Shifra Waks

Shifra has comprehensive research experience at various universities across Australia, experience in co-producing and co-facilitating mental health education and training, and experience in mental health community peer work. Shifra has developed a personal foundation in lived experience/consumer academia, having held lived experience/consumer lead researcher roles at the University of Canberra, the University of Newcastle, and the University of Melbourne, and currently with UNSW, Sydney, and the University of Sydney. Shifra has had a significant role influencing the growing recognition of lived experience/consumer academia in Australia.





 Abstract title: Co-designing a Physical Health Conversation Guide: Working together for hope and health

Presentation type: General Presentation

Author(s): Kathryn Thorburn1, Shifra Waks1, Bani Aadam1, Professor Mark F Harris1, Dr Catherine Spooner1, Professor Karen R Fisher2 

1Centre for Primary Health Care and Equity, University of New South Wales, Sydney, Australia, 2Faculty of Arts and Social Sciences, Social Policy Research Centre, UNSW Sydney, Australia


Introduction: Primary care is the main setting in which the physical health needs of people who experience mental health issues are addressed. However, mental health service users and primary care providers report significant barriers to accessing and providing physical healthcare, with obstacles occurring at the individual, practice, and systems levels. Co-design, a process for developing solutions to complex problems that privileges lived expertise, provides a forum where service users and providers can collaborate to improve healthcare services and relationships.

Method: This research involved co-designing a practical approach to improving mental health service users’ physical health care in primary care settings and the research design for testing it.  It also explored the co-design process, how outcomes were achieved and the co-designers’ experiences. People with lived experience collaborated as co-designers, co-researchers, co-facilitators, and members of the lived experience advisory group.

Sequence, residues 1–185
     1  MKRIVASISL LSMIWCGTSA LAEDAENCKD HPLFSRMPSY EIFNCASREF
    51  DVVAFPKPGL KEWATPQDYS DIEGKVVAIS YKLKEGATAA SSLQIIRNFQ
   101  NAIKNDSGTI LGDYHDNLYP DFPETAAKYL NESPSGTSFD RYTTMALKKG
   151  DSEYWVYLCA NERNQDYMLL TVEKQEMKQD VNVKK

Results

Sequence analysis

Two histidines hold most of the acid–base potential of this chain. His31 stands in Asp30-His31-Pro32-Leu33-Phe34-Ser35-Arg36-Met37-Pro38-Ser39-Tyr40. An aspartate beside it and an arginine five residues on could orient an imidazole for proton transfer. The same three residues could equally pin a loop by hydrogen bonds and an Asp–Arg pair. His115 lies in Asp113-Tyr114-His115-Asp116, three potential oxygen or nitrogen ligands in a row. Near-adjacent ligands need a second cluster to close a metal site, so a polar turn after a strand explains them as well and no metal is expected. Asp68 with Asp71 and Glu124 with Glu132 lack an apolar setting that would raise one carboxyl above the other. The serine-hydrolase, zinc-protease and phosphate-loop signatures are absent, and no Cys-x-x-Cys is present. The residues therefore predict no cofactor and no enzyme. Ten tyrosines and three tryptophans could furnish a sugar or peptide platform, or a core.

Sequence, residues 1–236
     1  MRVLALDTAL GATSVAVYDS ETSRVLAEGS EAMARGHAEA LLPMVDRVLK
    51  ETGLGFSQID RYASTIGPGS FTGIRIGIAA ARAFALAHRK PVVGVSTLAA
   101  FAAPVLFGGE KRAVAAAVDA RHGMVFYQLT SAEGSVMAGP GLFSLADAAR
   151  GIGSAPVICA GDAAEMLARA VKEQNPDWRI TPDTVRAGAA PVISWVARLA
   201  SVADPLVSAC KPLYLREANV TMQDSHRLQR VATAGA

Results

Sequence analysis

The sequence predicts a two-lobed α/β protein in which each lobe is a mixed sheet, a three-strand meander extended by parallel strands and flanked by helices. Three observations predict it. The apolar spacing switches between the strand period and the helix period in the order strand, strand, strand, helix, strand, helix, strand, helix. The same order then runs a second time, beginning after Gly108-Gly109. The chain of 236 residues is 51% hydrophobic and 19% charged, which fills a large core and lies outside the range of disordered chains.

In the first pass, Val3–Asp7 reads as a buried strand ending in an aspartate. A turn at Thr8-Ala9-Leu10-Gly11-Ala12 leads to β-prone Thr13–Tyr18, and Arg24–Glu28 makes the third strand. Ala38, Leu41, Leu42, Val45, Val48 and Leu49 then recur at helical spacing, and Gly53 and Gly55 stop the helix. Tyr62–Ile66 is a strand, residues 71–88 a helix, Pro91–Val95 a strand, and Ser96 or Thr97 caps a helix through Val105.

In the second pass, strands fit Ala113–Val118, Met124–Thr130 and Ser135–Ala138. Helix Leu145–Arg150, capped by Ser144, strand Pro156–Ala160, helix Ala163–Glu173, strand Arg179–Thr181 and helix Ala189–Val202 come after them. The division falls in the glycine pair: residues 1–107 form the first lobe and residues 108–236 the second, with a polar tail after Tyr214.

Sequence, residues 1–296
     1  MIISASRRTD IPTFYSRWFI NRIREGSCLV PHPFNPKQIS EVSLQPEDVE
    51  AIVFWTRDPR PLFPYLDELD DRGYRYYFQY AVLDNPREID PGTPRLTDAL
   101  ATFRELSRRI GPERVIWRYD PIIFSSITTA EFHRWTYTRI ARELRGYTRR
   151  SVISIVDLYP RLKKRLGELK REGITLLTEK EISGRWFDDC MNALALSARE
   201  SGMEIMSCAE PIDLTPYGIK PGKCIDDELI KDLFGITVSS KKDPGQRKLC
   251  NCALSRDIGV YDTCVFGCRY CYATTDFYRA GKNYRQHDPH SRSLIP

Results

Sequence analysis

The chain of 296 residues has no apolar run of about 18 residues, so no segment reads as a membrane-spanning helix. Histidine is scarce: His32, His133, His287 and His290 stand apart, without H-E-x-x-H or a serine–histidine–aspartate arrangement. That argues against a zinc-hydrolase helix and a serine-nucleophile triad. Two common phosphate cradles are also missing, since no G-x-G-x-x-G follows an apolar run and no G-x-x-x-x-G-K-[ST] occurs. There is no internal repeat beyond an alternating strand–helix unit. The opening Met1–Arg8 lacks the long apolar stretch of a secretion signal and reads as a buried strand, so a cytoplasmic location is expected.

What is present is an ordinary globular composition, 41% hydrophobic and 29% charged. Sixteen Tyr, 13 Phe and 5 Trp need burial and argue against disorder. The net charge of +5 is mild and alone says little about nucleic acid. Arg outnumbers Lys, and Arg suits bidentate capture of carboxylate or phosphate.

Records and documents from co-design activities were collected. Co-designers’ experiences of the process were obtained via group and individual interviews. Transcribed audio-recordings of individual and group interviews, project documentation and images were coded and analysed thematically.

Results and findings: Six people with lived experience and five service providers (including GPs) participated in the online co-design. Thirty barriers to physical healthcare and 12 potential solutions were identified. The Physical Health Conversation Guide (PHCG) was selected (based on feasibility and impact), developed and prototyped. The research findings emphasise the influence of concurrent dual processes in creating the conditions for new understandings, relationships, and action, with time as a key mediating element.

Discussion: Co-design recognises the value of lived and other expertise in co-creating new knowledge. For its generative potential to be realised, the co-design process needs to create and hold space for emergence, uncertainty and shifts in power. This research has implications for the translation of co-design principles in a range of healthcare settings. 



Shifra Waks-image